And in The Culture Wars: Jeff Baenen of the AP says, ” A humanist group is objecting to a public school in southwestern Minnesota sending students this fall to hear an abstinence talk that it says had religious aspects. The American Humanist Association sent a letter Tuesday to Luverne Public Schools, saying students were sent during school hours on Sept. 30 to hear a presentation by Jason Evert of the Chastity Project.  The group contends students and parents were not informed about the event’s religious aspects beforehand because flyers about the event were nondescript. … Randy Perkins, 49, of Luverne, the parent who pulled his 14-year-old son from the event, dismissed claims that Evert’s message was not religious. ‘They scrub this. It’s very deliberate,’ Perkins said of the message. ‘It’s kind of disguising.'”

The latest phone scam: Getting you to pay off warrants over the phone. Sarah Horner of the PiPress says, “If someone calls asking you to pay a fine over the phone to settle an outstanding warrant for your arrest, hang up.  That is the message the Ramsey County sheriff’s office is circulating after receiving reports of a recent phone scam in the area.  A number of residents have received phone calls recently from someone claiming to be from the sheriff’s office who asks the individual to ‘settle warrants by putting money on a prepaid card,’ according to the sheriff’s office.”

What? He expects us to pay for better roads? Tom Weber and Catharine Richert at MPR say, “Transportation Commissioner Charlie Zelle told The Daily Circuit on Tuesday that the state needs $6.5 billion in the next 10 years to maintain Minnesota roadways. Rather than rely on one-time funding, Zelle said the state should establish a reliable revenue stream, such as a user fee, to pay for future road projects. ‘Having a sustainable funding source that can be counted on and then also dedicated to ensure that this is truly focused on transportation and not available to other sources… gives taxpayers confidence,’ he said. Zelle stopped short of saying he’d support a wholesale gas tax floated earlier this year by Gov. Mark Dayton.”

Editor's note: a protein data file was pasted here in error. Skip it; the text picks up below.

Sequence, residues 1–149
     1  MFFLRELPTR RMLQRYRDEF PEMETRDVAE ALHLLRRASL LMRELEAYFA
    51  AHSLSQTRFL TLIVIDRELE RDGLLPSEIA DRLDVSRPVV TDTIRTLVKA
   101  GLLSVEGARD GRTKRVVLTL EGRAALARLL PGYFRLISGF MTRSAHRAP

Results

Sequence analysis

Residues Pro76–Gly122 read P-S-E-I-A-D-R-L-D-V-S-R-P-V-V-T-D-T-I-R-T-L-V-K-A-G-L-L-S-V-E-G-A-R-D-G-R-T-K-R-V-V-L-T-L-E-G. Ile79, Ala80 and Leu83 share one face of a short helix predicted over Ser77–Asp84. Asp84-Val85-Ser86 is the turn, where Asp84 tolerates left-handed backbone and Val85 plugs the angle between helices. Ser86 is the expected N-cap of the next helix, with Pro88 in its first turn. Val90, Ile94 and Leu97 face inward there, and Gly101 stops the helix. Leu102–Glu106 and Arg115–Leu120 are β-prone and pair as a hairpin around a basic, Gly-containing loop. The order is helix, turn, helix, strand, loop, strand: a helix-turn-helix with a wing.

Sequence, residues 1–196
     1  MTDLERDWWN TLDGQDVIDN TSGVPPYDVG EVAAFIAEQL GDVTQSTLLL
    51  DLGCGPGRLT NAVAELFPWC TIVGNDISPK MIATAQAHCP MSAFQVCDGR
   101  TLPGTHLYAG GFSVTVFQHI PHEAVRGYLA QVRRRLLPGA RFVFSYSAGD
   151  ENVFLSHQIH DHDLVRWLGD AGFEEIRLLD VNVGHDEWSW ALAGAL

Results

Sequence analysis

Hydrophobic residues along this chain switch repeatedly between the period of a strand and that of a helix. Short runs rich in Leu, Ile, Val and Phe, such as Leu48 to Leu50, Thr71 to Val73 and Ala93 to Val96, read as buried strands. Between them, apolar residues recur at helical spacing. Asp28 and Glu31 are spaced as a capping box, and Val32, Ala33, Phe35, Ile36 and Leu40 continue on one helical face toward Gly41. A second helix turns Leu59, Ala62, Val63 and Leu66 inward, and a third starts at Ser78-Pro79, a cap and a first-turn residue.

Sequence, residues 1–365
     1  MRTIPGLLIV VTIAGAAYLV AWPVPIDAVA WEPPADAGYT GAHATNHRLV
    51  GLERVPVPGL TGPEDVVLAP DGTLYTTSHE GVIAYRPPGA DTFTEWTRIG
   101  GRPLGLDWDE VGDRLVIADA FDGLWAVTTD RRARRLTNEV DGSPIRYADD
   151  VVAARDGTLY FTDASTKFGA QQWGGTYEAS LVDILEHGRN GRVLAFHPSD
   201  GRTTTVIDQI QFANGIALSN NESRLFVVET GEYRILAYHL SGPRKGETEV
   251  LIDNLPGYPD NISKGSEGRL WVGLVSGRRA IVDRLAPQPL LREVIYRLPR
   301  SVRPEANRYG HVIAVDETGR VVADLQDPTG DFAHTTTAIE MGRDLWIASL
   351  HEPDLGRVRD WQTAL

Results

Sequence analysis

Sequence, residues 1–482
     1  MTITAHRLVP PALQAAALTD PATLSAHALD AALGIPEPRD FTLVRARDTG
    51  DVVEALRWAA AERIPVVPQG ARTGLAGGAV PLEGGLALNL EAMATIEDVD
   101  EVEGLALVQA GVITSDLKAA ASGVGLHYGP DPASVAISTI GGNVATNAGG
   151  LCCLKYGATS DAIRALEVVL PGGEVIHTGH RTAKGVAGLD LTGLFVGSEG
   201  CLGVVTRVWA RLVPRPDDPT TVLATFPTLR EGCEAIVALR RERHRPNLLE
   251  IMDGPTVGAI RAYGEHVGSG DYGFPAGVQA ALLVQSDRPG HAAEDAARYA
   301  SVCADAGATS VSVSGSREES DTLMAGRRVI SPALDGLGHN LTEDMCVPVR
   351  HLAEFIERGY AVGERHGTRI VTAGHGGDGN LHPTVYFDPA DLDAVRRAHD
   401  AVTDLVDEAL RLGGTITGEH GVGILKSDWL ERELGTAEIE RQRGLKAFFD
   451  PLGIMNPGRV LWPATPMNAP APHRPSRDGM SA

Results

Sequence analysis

Also looking for more cash. Don Davis for the Forum News Service says, “Advocates for Minnesota’s elderly and disabled are back at the state Capitol asking for money on top of new funding they just received. Legislators earlier this year granted a 5 percent increase to many programs for the elderly and disabled. Now, community-based programs for those groups want another 5 percent boost. … The 5 Percent Campaign, a coalition of groups supporting the increase, says 90,000 Minnesotans are under care of people who would get more money under the bill.”

Not quite Lewis & Clark’s view from the Missouri Breaks, but nice. In the Strib, Dylan Peers McCoy says, “When Todd Gerlach planted his first prairie, he was trying to cut back on yard work. Compared to conventional lawns, mature prairies require very little maintenance, so Gerlach converted about a quarter acre in his backyard. It turned out, that was just the beginning. … On a brisk afternoon not long ago, Gerlach drove a few miles from his home in Prior Lake to his 50-acre plot in Lakeville. After restoring his backyard grassland, Gerlach became so enamored by prairies that he began a much more ambitious project — converting this large tract of farmland to native grassland.”